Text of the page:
Isochromatic demodulation by fringe scanning

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Authors: Grewal, G.S., Dubey, V.N. and Claremont, D.

http://www.blackwell-synergy.com/doi/abs/10.1111/j.1475-1305.2006.00290.x

Journal: Strain

Volume: 42

Pages: 273-281

ISSN: 0039-2103

DOI: 10.1111/j.1475-1305.2006.00290.x

RGB calibration is the fastest isochromatic demodulation technique, as it does not require unwrapping as in the case of phase-shifting method. The technique is based on constructing a look up table (LUT) of fringe order against RGB triplet from digital images and decoding the test image from the LUT. Research has shown that the technique, though very fast, is limited to fringe orders up to three with the conventional white light. The colours tend to merge beyond that and make it difficult to obtain a unique value of RGB triplet. Changes in fringe gradient caused by stretching/bunching of fringes in test model further add to errors. Special light sources with narrow-band spectral response are required with fringe tracking algorithms to demodulate higher fringe orders. The calibration technique is also sensitive to geometric and chromatic variations. This paper presents a cost-effective alternative solution to conventional RGB technique using a flatbed scanner. The system is capable of demodulating higher fringe order and incorporates information from other colour spaces. It does not require separate light sources and cameras, and is found to be insensitive to geometric and chromatic variations. Curve fitting technique has been proposed to determine accurate fringe orders.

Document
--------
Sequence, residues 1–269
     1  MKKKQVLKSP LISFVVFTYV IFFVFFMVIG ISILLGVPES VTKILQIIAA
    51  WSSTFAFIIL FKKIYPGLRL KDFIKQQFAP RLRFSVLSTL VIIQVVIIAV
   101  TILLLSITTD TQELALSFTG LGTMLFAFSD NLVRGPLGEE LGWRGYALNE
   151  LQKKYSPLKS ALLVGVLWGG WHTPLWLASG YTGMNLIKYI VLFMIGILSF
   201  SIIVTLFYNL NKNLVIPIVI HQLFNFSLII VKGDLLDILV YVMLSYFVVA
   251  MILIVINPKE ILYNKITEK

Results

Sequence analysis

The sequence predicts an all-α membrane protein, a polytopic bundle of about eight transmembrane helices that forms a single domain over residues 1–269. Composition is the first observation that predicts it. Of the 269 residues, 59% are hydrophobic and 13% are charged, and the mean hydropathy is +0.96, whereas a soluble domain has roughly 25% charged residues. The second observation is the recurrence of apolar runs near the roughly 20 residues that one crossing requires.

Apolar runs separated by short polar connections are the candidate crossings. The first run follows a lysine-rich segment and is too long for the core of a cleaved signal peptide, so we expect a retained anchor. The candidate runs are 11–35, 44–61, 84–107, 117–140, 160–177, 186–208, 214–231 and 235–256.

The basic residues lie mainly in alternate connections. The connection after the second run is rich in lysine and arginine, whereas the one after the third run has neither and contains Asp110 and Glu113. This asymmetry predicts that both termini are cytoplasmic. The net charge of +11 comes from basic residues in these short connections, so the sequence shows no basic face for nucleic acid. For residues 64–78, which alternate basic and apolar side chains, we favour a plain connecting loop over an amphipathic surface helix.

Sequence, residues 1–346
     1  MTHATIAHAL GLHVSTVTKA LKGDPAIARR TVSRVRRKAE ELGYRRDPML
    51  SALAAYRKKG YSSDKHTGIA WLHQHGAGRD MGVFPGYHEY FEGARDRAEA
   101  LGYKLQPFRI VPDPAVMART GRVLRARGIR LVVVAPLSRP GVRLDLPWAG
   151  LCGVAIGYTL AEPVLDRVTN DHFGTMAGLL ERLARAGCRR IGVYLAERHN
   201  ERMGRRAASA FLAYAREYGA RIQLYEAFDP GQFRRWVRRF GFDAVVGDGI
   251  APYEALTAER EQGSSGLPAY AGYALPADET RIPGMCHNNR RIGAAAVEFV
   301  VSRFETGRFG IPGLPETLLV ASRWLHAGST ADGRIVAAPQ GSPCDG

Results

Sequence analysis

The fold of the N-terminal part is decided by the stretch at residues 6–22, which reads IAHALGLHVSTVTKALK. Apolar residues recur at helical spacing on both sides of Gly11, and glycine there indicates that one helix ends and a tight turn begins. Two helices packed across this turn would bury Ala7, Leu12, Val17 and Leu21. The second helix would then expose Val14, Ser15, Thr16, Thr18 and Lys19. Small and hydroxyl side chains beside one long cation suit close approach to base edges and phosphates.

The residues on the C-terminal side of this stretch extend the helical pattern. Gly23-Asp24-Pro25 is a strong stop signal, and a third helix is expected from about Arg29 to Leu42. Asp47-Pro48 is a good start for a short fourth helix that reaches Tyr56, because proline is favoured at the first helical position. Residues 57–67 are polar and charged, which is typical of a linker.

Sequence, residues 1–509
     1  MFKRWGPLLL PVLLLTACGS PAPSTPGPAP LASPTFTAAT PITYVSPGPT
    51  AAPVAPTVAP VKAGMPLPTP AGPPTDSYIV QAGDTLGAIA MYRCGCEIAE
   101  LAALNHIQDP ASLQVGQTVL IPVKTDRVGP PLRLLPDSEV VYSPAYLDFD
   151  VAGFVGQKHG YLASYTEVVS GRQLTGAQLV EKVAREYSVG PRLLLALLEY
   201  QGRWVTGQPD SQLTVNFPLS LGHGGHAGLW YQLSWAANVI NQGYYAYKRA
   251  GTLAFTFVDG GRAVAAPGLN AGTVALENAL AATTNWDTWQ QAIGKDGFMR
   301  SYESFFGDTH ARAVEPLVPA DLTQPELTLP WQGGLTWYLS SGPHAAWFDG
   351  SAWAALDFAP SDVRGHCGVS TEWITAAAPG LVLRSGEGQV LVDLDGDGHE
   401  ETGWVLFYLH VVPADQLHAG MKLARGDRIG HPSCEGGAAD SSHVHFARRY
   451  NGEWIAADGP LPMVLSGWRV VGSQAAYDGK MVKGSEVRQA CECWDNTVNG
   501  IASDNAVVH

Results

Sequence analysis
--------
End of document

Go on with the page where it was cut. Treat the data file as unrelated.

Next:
This data was imported from Scopus:

Authors: Grewal, G.S., Dubey, V.N. and Claremont, D.J.

Journal: Strain

Volume: 42

Issue: 4

Pages: 273-281

eISSN: 1475-1305

ISSN: 0039-2103

DOI: 10.1111/j.1475-1305.2006.00290.x

RGB calibration is the fastest isochromatic demodulation technique, as it does not require unwrapping as in the case of phase-shifting method. The technique is based on constructing a look up table (LUT) of fringe order against RGB triplet from digital images and decoding the test image from the LUT. Research has shown that the technique, though very fast, is limited to fringe orders up to three with the conventional white light. The colours tend to merge beyond that and make it difficult to obtain a unique value of RGB triplet. Changes in fringe gradient caused by stretching/bunching of fringes in test model further add to errors. Special light sources with narrow-band spectral response are required with fringe tracking algorithms to demodulate higher fringe orders. The calibration technique is also sensitive to geometric and chromatic variations. This paper presents a cost-effective alternative solution to conventional RGB technique using a flatbed scanner. The system is capable of demodulating higher fringe order and incorporates information from other colour spaces. It does not require separate light sources and cameras, and is found to be insensitive to geometric and chromatic variations. Curve fitting technique has been proposed to determine accurate fringe orders. © 2006 The Authors. Journal compilation 2006 Blackwell Publishing Ltd.

This data was imported from Web of Science (Lite):

Authors: Grewal, G.S., Dubey, V.N. and Claremont, D.J.

Journal: STRAIN

Volume: 42

Issue: 4

Pages: 273-281

ISSN: 0039-2103

DOI: 10.1111/j.1475-1305.2006.00290.x

The data on this page was last updated at 04:43 on November 23, 2017.